Binary company discovered Supermicro’s legacy board management controllers (BMCs) have seven vulnerabilities that could allow attackers to gain control of servers.
Motherboard control controllers are small chips on the server motherboard. BMCs are used for remote management of servers and offer a wide range of functions: installing updates, monitoring temperatures and controlling fan speeds, as well as the ability to flash UEFI. BMC allows access to a server that is switched off – it is sufficient that it is connected to the power supply.
Seven serious vulnerabilities were discovered in the IPMI (Intelligent Platform Management Interface) firmware for older BMCs from the manufacturer Supermicro written downwhat they influence “some X11, H11, B11, CMM, M11 and H12 motherboards”, and emphasized that there is no information about the exploitation of these vulnerabilities. The central vulnerability is assigned the number CVE-2023-40289 – it allows the execution of malicious code on BMC, but its exploitation requires administrator rights in the web interface, which can be achieved through the six remaining vulnerabilities. They in turn enable XSS attacks or cross-site scripting to be carried out.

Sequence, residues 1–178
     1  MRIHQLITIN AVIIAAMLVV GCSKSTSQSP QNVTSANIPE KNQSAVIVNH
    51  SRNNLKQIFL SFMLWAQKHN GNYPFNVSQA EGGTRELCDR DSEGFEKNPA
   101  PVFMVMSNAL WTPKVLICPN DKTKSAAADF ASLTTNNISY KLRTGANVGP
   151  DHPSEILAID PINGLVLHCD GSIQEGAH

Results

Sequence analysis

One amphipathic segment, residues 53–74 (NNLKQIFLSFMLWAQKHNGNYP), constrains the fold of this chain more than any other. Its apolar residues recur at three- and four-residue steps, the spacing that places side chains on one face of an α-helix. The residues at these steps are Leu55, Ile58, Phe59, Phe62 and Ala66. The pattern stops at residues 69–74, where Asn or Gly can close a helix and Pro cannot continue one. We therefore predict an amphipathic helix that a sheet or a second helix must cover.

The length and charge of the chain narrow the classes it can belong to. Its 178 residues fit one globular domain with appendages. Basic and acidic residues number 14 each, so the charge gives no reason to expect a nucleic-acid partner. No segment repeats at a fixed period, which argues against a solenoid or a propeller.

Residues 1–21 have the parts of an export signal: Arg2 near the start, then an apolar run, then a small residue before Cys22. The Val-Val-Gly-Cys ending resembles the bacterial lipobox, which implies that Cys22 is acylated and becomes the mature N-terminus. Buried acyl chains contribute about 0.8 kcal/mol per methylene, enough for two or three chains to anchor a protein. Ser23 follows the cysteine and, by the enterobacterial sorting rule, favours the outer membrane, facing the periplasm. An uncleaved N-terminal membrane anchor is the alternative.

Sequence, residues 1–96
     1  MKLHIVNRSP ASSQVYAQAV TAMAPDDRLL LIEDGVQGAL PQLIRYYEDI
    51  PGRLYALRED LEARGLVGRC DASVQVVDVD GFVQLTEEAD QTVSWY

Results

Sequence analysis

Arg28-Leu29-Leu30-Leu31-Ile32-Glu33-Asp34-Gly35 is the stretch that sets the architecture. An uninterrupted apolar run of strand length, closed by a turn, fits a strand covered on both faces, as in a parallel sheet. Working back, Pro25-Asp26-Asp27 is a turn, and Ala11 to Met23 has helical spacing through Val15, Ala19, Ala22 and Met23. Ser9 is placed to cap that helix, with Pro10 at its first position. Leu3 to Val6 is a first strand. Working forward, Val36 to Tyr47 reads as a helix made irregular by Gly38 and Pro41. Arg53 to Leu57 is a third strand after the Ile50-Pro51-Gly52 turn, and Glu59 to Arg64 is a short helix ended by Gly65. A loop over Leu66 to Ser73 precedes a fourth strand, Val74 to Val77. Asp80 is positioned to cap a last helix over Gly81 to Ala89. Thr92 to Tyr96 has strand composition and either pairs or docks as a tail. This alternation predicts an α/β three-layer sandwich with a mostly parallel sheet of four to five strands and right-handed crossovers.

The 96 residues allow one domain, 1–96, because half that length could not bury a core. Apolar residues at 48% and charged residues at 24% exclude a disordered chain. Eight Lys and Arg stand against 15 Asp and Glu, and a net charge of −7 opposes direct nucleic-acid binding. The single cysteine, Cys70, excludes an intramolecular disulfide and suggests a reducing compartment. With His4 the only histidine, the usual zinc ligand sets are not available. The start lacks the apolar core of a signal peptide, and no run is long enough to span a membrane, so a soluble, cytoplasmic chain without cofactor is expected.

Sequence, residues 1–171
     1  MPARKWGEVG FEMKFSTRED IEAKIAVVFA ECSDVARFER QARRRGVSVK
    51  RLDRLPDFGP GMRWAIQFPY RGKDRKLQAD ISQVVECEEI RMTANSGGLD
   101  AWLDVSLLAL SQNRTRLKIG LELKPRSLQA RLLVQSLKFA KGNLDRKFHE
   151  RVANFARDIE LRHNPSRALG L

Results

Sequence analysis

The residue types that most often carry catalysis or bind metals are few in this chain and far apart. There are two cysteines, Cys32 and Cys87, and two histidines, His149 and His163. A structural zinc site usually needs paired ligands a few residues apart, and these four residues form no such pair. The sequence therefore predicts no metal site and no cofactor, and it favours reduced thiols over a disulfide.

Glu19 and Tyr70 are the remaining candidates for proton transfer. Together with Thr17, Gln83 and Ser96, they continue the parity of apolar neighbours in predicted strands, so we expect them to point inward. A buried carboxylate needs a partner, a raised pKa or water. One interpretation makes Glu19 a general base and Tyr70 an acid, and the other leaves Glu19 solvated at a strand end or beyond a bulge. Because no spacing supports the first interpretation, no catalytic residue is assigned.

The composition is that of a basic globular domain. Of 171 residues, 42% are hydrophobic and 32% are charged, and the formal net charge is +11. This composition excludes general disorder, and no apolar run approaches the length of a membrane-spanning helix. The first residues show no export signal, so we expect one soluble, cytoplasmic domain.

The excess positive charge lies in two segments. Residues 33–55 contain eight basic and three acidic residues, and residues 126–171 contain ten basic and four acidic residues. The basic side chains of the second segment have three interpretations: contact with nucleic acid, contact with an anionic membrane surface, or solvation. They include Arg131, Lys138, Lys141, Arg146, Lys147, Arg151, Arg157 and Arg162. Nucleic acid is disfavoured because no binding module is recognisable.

In general, the attack pattern is the following order:
- The attacker prepares a malicious link with a payload.
- he sends it via phishing emails;
- When a link is clicked in BMC, a malicious loading operation occurs.
The connection to Supermicro’s BMC is via various protocols including SSH, IPMI, SNMP, WSMAN and HTTP/HTTPS. Vulnerabilities discovered by Binarly can be exploited via HTTP. Cybersecurity experts strongly recommend isolating BMC interfaces from the Internet, but in practice this recommendation is often ignored. The Shodan search service found more than 70,000 copies of BMC Supermicro with public IPMI.
Notably, all of the vulnerabilities discovered by Binarly affect the IPMI firmware developed for Supermicro by a third party, ATEN. ATEN fixed CVE-2023-40289 six months ago, but this patch is not yet included in the firmware. Finally, Supermicro rated the vulnerabilities 7.2 to 8.3 out of 10, while Binarly rated them 8.3 to 9.6 out of 10.